Boris Johnson’s former adviser on ministerial standards was prevented from interviewing a key witness for his formal bullying inquiry into Priti Patel, an act that stopped him accessing the home secretary’s foremost accuser.
Legal and Whitehall sources have revealed that Sir Alex Allan sought to interview the former top Home Office civil servant Sir Philip Rutnam about his dealings with Patel, but was blocked by government officials.
Allan’s bullying inquiry was launched by the prime minister following the resignation of Rutnam over’s Patel’s alleged behaviour and he is suing the government for constructive dismissal. Sources say Allan was informed he could not interview Rutnam for his independent inquiry because of the legal action.
Allan, however, felt that his inquiry was being denied potentially crucial evidence. The inability of the prime minister’s former ethics adviser to question Rutnam also prompted a “spirited row” within the government’s legal department.
Even so, he uncovered sufficient material to conclude that Patel had broken the code governing ministers’ behaviour.
On Friday Allan resigned after the prime minister took the unprecedented step of exonerating Patel, who has refused to resign.
“Allan bent over backwards to be as fair as possible to the home secretary but the weight of evidence was such that he still came to the conclusion that Patel had bullied staff,” said a legal source.
Following Friday’s disclosure that Patel’s behaviour had broken the rules she claimed she was unaware of her conduct. If Allan, however, had been allowed to question Rutnam it would have clearly undermined her defence.
On Saturday questions emerged over whether Johnson had attempted to tone down the bullying report amid claims Allan had resisted pressure to make the findings more “palatable”.
Sources with knowledge of Allan’s inquiry into Patel confirmed that he had come under “a lot of pressure.”
It has also emerged that Allan’s investigation was conducted far more quickly than previously reported and that it was on the prime minister’s desk as early as April. It means Johnson elected to sit on its damning findings for seven months until pressure grew so intense that he had no option but to make its findings public.
Pressure, meanwhile, continued to mount on Johnson with the former home secretary and Tory veteran Ken Clarke expressing his concern about the prime minister’s refusal to sack Patel, adding he was troubled by the “awkward situation”.
Another former home secretary, Jack Straw, told the Observer that Patel’s bullying appeared to originate from a profound misunderstanding of how her department functions.
“The stance she takes is based on a fundamental misunderstanding about the nature of the problems in the Home Office,” said Straw, home secretary from 1997 to 2001.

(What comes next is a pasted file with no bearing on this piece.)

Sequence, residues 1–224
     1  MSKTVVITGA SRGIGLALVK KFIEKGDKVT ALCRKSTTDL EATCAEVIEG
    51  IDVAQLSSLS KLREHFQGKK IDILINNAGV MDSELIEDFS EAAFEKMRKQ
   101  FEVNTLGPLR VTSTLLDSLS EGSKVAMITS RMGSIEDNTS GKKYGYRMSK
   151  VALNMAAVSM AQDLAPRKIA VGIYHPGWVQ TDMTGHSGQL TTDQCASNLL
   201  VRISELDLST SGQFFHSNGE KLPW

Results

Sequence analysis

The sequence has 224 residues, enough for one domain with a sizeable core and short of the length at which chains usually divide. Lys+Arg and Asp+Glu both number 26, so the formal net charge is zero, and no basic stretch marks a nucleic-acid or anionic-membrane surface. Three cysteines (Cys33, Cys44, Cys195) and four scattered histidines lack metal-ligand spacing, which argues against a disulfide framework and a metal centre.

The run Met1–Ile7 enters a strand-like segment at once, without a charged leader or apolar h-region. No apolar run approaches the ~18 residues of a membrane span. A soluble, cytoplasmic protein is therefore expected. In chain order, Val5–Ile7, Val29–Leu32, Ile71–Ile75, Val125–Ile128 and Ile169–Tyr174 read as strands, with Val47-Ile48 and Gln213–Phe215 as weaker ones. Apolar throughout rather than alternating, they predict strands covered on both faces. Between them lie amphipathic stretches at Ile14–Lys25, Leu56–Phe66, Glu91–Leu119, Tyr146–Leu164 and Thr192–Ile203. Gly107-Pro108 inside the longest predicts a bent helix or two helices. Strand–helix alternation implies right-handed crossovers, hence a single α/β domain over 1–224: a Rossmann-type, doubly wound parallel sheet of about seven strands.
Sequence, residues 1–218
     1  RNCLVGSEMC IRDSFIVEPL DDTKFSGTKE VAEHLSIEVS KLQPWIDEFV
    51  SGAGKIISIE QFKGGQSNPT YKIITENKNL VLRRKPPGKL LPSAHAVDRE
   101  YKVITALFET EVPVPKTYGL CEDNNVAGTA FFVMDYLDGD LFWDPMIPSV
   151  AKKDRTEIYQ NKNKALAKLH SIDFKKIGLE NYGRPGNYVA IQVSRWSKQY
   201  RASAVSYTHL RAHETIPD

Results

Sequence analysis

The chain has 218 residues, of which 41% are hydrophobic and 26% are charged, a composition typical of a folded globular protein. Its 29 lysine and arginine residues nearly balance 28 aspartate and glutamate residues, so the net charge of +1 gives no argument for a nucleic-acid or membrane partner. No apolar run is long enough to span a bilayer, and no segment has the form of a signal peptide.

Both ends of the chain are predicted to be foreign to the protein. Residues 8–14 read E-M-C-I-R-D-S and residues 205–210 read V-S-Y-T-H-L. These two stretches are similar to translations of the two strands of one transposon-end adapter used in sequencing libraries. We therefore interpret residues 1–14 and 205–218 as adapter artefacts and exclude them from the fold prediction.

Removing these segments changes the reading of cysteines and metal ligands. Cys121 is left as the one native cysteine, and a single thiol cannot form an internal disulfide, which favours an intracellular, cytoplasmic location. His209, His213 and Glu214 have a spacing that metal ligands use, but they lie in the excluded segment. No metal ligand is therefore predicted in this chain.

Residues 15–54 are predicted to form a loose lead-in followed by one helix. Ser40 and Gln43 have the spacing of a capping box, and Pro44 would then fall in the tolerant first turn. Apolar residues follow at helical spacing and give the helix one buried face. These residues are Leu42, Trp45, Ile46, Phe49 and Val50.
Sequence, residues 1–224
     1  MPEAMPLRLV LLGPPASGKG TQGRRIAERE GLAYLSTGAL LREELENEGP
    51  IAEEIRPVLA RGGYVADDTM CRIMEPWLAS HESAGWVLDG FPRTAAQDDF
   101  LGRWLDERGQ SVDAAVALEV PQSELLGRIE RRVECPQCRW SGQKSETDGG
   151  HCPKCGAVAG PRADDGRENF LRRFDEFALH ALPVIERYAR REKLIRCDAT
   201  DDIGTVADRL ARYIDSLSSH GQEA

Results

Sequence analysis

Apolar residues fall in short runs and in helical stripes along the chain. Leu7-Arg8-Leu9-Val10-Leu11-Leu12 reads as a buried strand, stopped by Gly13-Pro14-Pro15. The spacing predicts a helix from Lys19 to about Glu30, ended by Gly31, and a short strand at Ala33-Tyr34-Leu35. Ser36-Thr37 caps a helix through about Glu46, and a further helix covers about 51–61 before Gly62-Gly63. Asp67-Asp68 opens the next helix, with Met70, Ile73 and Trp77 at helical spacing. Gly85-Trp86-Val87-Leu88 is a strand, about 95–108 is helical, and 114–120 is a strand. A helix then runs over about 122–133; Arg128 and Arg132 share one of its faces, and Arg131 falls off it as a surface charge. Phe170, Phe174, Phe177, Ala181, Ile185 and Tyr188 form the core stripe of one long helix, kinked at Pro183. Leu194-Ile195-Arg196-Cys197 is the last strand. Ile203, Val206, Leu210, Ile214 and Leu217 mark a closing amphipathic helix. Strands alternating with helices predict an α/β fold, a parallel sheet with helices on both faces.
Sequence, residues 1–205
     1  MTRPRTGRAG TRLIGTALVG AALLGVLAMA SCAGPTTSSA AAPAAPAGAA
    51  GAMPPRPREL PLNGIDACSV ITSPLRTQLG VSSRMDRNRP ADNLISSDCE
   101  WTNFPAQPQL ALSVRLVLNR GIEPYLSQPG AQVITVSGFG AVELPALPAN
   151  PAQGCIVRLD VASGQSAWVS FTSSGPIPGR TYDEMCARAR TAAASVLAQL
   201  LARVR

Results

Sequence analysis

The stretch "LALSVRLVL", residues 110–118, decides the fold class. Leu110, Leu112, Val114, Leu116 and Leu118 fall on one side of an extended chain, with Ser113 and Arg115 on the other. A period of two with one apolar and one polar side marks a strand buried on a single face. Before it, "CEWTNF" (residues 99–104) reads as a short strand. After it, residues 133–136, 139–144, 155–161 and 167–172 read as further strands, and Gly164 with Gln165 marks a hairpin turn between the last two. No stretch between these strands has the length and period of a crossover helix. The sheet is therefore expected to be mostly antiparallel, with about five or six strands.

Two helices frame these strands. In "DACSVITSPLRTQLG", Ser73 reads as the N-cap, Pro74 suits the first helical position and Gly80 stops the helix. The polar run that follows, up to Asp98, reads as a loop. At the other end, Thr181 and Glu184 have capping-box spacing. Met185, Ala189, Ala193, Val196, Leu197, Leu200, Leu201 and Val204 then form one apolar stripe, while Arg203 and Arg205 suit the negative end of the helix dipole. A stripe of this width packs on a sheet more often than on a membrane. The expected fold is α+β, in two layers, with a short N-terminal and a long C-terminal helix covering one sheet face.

Meanwhile, a former Tory cabinet minister said the fact that Patel could survive was extraordinary enough, but equally incredible was the prime minister’s behaviour in rallying his MPs behind an effort to defend her.
The senior figure, now on the backbenches, said: “He [Johnson] has a formal role, a kind of judicial role, in the process. He should at least try to show respect for that. Instead he just sticks two fingers up at the whole process.”
Away from Westminster, senior figures from the immigration and asylum sector said Patel’s refusal to resign had destroyed any shred of “political legitimacy” she had left.
Bella Sankey of Detention Action, whose legal action against deportation flights last February prompted allegations of Patel bullying senior Home Office staff, said she had become a “joke” figure among many.
She said: “The idea that she is seen credibly or is someone who has any political legitimacy or clout given these revelations is gone. Given her conduct, rhetoric and policy since becoming home secretary she’s become a byword for a joke.”
Sankey also took aim at claims from some Patel supporters that the attacks against the home secretary carried undertones of sexism and racism. “I’m a proud mixed-race woman – a woman of colour in public life is something to be massively celebrated but it does not mean there are lesser standards that people are expected to uphold based on their gender and ethnicity.”
Sankey added: “She does no credit to either of those characteristics by not doing the honourable thing in this situation, which is to consider her position.”
Jacqueline McKenzie, the lawyer representing 200 victims of the Windrush scandal, said: “We do not yet know all of the details but I’m disturbed by what we do know. Here is a department responsible for making and implementing policy aimed at some of the most vulnerable people in society, including migrants, refugees, people trafficked, victims of crime and abuse and those affected by the Windrush scandal.
“I want to be confident that the person leading this work measures up to the highest standard of professionalism and accountability. I expect this from their senior managers too.”